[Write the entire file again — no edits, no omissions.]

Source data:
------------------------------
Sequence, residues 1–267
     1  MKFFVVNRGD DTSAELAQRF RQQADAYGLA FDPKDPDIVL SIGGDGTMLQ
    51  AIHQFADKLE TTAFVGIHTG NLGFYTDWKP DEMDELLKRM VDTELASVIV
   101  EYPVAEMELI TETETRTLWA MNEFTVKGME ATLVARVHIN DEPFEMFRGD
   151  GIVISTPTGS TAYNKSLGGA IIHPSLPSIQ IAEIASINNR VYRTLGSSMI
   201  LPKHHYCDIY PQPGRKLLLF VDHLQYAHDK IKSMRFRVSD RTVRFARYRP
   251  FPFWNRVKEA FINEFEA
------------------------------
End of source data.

Sequence, residues 1–267
     1  MKFFVVNRGD DTSAELAQRF RQQADAYGLA FDPKDPDIVL SIGGDGTMLQ
    51  AIHQFADKLE TTAFVGIHTG NLGFYTDWKP DEMDELLKRM VDTELASVIV
   101  EYPVAEMELI TETETRTLWA MNEFTVKGME ATLVARVHIN DEPFEMFRGD
   151  GIVISTPTGS TAYNKSLGGA IIHPSLPSIQ IAEIASINNR VYRTLGSSMI
   201  LPKHHYCDIY PQPGRKLLLF VDHLQYAHDK IKSMRFRVSD RTVRFARYRP
   251  FPFWNRVKEA FINEFEA